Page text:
Wed., 1/25 - Tree thinning in dense forests could bolster Western snowpack, researchers suggest: In a Washington state forest, a research team thinned trees and created small clearings, leading to more snow accumulation on the forest floor.

Thu., 1/26 - Simple energy-saving tips for winter: Reducing energy use during the winter can save money and reduce pollution.

Fri., 1/27 - Can EVs meet the needs of rural drivers? Manufacturers are offering a growing number of electric vehicles with longer ranges and all-wheel drive. 

Mon., 1/30 - Extreme rainfall exacerbates pollution threat from Oklahoma Superfund site: Decades-old abandoned lead and zinc mines in Ottawa County pose lingering health risks to nearby residents — particularly as the threat of flooding increases.

Tue., 1/31 - Study finds disparities in how heat affects Phoenix residents: While some Arizonans can afford to run their AC constantly, many low-income residents struggle to pay high utility bills and suffer in the heat.

Wed., 2/1 - Is climate change affecting the polar vortex? Some researchers link disruptions to the polar vortex to climate change, while others attribute them to natural variability.

Thu., 2/2 - Connecticut program helps 15,000 households a year cut utility bills: The initiative, called Energize Connecticut, provides free or low-cost home energy assessments and recommendations for improving energy efficiency.

Fri., 2/3 - Utility workers are seeing consequences of extreme weather firsthand: Researcher Katerina Gonzales is working with one utility to engage front-line workers in climate adaptation efforts and tap into their on-the-ground knowledge.

Mon., 2/6 - Wildfire evacuation plans can help communities avoid logistical nightmares: ‘It can be horrific… you’re trying to get people and animals out of harm’s way. At the same time, you’re trying to get first responders into those same areas.’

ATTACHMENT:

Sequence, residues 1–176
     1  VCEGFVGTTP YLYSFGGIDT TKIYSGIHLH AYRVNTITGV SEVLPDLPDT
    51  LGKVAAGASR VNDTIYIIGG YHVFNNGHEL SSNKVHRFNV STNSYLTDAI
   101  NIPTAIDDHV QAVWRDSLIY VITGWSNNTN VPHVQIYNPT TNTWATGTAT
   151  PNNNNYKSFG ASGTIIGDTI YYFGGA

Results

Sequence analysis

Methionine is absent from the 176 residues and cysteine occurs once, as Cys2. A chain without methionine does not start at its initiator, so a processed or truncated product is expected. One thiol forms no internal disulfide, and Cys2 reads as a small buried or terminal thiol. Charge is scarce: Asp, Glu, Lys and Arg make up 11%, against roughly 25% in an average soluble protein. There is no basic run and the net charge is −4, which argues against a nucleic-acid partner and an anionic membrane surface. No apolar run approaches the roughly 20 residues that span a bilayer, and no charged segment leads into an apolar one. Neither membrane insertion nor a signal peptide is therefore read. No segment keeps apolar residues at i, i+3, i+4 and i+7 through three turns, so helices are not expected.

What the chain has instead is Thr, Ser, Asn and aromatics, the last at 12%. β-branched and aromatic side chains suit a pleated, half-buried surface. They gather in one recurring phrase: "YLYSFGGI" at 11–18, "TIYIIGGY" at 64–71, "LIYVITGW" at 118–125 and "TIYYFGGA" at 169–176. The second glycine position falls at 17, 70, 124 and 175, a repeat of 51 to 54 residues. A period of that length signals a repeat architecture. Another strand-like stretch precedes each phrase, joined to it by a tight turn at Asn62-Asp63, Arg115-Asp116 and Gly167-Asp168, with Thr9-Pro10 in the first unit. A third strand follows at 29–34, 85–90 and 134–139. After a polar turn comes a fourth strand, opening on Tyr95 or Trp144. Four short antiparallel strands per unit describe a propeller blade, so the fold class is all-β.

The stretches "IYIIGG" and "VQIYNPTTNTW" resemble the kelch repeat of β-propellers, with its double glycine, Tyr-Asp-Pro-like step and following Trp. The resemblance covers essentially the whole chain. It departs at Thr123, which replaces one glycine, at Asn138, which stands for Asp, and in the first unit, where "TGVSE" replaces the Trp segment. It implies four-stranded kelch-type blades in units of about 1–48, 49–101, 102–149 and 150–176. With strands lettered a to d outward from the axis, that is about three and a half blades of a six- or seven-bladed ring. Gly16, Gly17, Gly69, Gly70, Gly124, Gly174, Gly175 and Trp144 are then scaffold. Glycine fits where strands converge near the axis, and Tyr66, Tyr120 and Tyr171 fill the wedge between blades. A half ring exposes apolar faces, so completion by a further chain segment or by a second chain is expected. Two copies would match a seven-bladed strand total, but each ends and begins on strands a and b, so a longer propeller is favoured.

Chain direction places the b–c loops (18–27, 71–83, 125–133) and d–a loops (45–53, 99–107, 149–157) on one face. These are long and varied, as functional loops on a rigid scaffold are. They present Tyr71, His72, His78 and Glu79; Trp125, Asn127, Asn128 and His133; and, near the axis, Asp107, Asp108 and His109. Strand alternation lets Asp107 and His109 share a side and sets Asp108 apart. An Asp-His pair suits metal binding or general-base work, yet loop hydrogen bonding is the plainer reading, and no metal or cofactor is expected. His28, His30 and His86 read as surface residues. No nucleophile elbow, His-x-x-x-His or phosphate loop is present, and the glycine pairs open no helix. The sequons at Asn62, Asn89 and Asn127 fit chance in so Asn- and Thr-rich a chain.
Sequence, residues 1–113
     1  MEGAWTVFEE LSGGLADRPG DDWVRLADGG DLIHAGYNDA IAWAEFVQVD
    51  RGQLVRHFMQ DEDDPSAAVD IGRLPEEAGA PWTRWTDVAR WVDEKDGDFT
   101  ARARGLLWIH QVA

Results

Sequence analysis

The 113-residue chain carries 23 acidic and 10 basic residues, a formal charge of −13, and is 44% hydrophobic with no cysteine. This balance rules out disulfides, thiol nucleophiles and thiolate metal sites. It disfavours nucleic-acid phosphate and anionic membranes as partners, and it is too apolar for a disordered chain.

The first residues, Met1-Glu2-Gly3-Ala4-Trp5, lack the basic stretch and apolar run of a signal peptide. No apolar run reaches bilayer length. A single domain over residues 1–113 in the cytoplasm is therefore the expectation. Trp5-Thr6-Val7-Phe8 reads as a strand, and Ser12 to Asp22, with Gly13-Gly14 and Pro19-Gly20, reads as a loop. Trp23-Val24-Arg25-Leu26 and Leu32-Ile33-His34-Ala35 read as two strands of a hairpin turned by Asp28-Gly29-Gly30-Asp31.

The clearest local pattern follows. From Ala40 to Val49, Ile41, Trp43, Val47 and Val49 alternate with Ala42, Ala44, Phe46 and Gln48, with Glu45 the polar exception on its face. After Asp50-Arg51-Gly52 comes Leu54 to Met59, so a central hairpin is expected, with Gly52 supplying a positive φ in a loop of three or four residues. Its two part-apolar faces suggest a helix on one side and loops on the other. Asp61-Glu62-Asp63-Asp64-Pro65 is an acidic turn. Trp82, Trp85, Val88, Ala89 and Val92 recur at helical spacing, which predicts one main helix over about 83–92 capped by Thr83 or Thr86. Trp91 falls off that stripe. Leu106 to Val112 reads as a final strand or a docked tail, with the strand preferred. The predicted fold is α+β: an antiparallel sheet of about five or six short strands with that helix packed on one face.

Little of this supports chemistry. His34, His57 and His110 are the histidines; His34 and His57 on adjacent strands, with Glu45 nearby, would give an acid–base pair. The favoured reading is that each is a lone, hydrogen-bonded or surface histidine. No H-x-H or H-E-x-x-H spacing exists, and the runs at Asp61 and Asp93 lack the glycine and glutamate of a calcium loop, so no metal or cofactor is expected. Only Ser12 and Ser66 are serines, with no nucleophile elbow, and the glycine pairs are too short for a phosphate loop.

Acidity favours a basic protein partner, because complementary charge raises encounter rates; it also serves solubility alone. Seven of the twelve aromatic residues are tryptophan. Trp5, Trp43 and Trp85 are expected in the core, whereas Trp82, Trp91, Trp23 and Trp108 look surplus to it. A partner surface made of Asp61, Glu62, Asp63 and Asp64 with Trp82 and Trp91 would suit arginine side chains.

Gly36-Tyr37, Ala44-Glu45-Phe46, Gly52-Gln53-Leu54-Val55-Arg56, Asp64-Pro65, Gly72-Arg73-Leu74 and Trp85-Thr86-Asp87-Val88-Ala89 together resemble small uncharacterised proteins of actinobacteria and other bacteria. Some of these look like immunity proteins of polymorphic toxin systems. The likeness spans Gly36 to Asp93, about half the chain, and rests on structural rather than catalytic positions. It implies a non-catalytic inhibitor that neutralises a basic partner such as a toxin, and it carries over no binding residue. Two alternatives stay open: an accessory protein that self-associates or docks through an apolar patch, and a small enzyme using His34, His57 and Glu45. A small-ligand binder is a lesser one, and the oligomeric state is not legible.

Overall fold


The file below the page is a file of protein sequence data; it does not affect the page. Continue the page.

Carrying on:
Tue., 2/7 - How teaching kids energy efficiency in schools can benefit families at home: Students' enthusiasm for energy efficiency can ripple outward, making an impact beyond the classroom.

Wed., 2/8 - How listening to women can boost disaster relief efforts: In Puerto Rico, the nonprofit Taller Salud partners with women to provide resources and support during emergencies.

Thu., 2/9 - Ventura County offers wildfire alerts in four languages often spoken by farmworkers: Many Indigenous workers from Mexico don’t speak English, so they miss public health warnings.

Fri., 2/10 - Female solar workers can face prejudice. This woman wants that to change: Loraima Jaramillo of the Interstate Renewable Energy Council offers tips for creating more equitable workplaces.

Mon., 2/13 - Turn your charming old house into an energy-efficient home: Efficiency upgrades are key for cutting energy costs in pre-90s homes.

Tue., 2/14 - Voluntary buyouts could help reduce flooding in six Rhode Island neighborhoods: The effort aims to secure land in the floodplain and create more green space along the Pocasset River.

Wed., 2/15 - Climate change takes toll on traditional Ojibwe wild rice harvest: Extreme weather events, including droughts and heavy rain, are making it more difficult to carry out wild rice harvests in the Upper Midwest.

Thu., 2/16 - Free program helps Gulf Coast communities assess climate risk: Many small towns don't have the resources to respond to the consequences of climate change, like sea level rise and extreme weather, on their own.

Fri., 2/17 - Mycelium Youth Network aims to empower young people on climate change: The Bay Area nonprofit brings lessons about global warming and Indigenous approaches to schools.

Pulse of the Planet (Series)

Produced by Jim Metzner

Most recent piece in this series:

Pulse of the Planet February 2023

From Jim Metzner | Part of the Pulse of the Planet series | 15:03


Toni Hoeta is a Science Engagement Coordinator at the Otago Museum in Dunedin, New Zealand. She uses traditional Maori stories to help students open to the world of science. For many years, the Maori, the indigenous inhabitants of NZ, had their language, their music and their traditions suppressed by European settlers who ruled the country. Now, in a period of reconciliation, Maori culture is reemerging and finding its place in Aotearoa, the Maori name for New Zealand.